A Costa Rican mother might run around town with her baby in her arms, while a Gringa might be more relaxed about letting her baby play in the dirt. It’s all summed up by the common phrase cada loco con su tema: every nut has his own pet subject. It’s especially true for parents, who are crazy with love.
It’s not pretty, that’s for sure, but if you’re going to speak Spanish long enough to get a flat tire, or deal with significant bureaucratic trámites, or watch sports of any kind, or navigate the workplace, you’re going to hear it.
"The picnic is really important because it is the only event where most of the U.S. citizens here in Costa Rica get together. We would love to keep up this tradition forever, but it will depend on the support we can get."
Like many Costa Ricans, I’m a bit of a clean freak. This extends from the constant showering and brushing of teeth to the curious sleep disorder I experience when I know that there are dirty dishes on the sink. I was concerned that this might pose a challenge in having a roommate. I was concerned that others might not understand my strong and healthy relationship with Lysol.
I have lived in the same house for more than 10 years, but I have traveled quite a distance in that time. I have trouble channeling the college student who devoured the country with a ridiculous grin, unable to believe her good fortune, staring in rapture out of bus windows, listening wide-eyed to howler monkeys at night and thinking they were lions, making bioluminescent footprints on a deserted beach, getting lost, being found. Somewhere along the way I moved from “Will you LOOK at THIS?” to “Oh, yeah – that’s amazing, isn’t it?”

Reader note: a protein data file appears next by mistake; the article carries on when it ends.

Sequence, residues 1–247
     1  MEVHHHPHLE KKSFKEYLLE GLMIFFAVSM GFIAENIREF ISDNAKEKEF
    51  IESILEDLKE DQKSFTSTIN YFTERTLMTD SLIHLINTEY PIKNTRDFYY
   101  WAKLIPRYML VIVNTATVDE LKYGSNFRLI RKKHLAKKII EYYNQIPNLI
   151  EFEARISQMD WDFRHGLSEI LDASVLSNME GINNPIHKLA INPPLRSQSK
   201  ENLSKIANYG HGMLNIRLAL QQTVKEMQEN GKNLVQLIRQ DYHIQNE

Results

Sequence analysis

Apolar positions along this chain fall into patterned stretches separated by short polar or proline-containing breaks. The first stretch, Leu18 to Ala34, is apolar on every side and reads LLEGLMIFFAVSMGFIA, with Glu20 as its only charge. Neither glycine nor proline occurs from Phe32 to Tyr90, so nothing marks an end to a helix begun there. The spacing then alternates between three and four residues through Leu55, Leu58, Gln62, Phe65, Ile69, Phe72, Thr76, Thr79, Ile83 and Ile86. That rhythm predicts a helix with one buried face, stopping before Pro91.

The gala’s title, “De Verde a Gris,” reflects the idea that Costa Ricans who move to New York must leave the green of their homeland for the gray of their new surroundings. For one evening at least, the music, food and art of Costa Rica lit up a small corner of a big city.
Costa Rica may have only two seasons, those they don’t mess around; they come and go with panache, like divas given a dull script but determined to bring it to life through sheer force of will. Check out our twice-monthly "Maeology" column.
In English, I'm a crotchety old-school grump. I am an editor and a former English teacher, and happily embody the worst qualities of both, brandishing a red pen and waging a warring battle against change. In Spanish, I have no such loyalties. I have the tone deafness of the second-language learner.